The only issue I had with the book was that it was too short. I wanted to read more of her own experiences with style and fashion. These moments in the book were by far the high points. While I did like the inclusion of so many lists, her voice was lost sometimes among all of the bullet points. Which is a shame, because some of her life stories are truly unique, such as the one about her mother's live-in seamstress.
Overall, this book was a fun, informative read that left me smiling for the rest of the day. I highly suggest it, no matter what your level of fashion or style experience may be.
One of my favorite parts of the book is chapter five, with the insider tips and tricks. The insiders include Diane von Furstenberg, Zac Posen, Ralph Lauren, Marherita Missoni, and Elle Macpherson, among (many) others. Questions were posed to each--questions such as "What do you find eternally stylish?" to "What is the secret to style?" Answers were short and direct and helpful.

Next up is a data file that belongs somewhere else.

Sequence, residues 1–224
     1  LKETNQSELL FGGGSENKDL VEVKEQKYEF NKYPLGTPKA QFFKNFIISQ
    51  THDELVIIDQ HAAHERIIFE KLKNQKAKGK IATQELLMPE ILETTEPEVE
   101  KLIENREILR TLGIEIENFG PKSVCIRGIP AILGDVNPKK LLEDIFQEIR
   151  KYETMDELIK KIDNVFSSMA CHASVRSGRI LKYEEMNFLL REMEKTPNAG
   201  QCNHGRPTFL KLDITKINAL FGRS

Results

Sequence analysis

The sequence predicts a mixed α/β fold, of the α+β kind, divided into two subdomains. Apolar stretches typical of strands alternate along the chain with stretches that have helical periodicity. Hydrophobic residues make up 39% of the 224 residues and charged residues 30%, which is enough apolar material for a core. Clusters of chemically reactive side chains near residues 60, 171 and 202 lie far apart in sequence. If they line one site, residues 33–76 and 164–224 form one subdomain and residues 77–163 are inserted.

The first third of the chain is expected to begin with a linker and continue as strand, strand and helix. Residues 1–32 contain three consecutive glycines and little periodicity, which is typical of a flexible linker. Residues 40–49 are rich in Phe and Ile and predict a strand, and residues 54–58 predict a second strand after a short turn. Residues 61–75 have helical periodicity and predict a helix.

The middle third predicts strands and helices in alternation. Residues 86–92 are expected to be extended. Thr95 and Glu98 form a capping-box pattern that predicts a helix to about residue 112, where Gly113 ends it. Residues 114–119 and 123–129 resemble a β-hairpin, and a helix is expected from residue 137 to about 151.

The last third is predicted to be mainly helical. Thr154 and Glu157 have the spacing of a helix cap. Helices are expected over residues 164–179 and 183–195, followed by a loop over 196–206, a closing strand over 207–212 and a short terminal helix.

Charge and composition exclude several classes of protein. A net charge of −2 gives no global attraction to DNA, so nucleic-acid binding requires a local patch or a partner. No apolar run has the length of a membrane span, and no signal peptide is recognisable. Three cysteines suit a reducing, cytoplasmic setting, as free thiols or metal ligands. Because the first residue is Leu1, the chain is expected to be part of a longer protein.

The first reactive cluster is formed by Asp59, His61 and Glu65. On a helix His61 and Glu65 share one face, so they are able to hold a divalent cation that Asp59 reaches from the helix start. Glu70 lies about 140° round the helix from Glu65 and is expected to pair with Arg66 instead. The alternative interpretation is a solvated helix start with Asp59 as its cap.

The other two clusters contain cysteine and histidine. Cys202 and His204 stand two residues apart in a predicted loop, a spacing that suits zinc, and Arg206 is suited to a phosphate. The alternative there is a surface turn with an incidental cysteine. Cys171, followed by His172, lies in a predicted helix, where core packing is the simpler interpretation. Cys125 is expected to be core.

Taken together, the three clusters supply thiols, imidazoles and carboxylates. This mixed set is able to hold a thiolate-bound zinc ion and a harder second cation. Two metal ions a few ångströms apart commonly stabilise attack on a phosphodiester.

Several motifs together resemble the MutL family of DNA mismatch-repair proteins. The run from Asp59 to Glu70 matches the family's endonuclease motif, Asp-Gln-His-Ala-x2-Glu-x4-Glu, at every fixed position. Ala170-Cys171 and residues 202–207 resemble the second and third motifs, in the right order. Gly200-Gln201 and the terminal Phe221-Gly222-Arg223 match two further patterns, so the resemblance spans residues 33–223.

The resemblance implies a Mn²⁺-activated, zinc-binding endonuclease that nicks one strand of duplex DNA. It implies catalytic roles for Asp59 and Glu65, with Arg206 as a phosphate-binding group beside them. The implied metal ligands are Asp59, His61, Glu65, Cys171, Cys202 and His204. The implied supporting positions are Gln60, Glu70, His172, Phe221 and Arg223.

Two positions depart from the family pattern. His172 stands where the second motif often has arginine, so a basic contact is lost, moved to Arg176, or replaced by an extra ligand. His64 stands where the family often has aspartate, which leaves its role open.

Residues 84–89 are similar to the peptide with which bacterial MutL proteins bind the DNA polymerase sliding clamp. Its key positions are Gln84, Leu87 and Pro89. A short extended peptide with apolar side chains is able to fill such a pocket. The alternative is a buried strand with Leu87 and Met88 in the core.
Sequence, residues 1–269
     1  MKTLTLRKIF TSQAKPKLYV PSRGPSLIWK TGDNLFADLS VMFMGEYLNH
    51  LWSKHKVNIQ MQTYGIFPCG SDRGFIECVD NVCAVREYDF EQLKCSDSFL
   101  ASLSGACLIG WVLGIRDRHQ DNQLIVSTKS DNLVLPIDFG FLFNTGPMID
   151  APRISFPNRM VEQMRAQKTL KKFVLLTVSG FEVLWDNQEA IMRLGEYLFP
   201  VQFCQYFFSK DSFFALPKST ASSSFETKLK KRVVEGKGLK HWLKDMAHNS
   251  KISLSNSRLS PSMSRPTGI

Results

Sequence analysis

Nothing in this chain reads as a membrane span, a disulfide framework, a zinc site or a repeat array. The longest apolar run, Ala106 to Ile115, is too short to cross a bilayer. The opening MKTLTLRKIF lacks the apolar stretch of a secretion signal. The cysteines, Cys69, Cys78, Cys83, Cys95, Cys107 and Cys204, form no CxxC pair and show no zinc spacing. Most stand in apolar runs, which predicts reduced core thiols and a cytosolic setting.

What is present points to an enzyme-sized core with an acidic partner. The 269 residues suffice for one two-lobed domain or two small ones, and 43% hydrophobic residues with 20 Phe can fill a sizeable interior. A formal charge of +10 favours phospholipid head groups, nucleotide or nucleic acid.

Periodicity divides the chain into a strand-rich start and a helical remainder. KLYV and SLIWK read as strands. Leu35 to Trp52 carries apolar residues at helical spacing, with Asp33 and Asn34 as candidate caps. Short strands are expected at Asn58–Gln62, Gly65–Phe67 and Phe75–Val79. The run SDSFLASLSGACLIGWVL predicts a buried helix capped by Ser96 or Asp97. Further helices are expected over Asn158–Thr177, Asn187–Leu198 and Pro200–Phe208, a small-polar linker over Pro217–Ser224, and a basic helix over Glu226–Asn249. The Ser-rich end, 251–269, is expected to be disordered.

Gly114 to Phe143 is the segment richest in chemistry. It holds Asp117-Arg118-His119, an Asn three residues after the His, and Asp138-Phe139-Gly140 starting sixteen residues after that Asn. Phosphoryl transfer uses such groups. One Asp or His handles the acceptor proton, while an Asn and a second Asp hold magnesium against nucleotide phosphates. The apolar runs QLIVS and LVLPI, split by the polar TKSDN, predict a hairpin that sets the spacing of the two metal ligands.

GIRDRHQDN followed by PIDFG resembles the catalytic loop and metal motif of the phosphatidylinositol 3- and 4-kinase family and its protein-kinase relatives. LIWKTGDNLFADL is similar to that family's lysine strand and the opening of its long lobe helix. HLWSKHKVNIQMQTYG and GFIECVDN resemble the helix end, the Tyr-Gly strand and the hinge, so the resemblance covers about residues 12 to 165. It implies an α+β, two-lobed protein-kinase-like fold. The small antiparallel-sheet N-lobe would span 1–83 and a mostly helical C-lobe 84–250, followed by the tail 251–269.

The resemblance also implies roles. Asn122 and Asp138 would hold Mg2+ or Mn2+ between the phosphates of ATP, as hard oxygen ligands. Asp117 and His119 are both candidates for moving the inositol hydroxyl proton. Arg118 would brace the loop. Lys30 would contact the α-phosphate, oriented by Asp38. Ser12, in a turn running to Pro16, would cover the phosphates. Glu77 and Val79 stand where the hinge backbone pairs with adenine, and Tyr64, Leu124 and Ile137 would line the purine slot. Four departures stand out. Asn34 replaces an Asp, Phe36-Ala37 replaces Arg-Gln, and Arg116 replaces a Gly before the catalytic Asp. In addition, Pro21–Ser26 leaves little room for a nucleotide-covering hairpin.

Another favorite chapter is "The Basics". It includes 10 basic "rules" to guide the reader to his or her unique style. It begins with the simple dictim to "Edit" and how to do so, and ends with the lovely "Be Imperfect", which lets us all breathe a little.
A more unusual addition to "The Little Black Book..." is the "What to Watch and What to Watch For" section in the Style and Film part of Chapter 3, "Inspirations", which I found useful, followed by Style and Music, which I did not.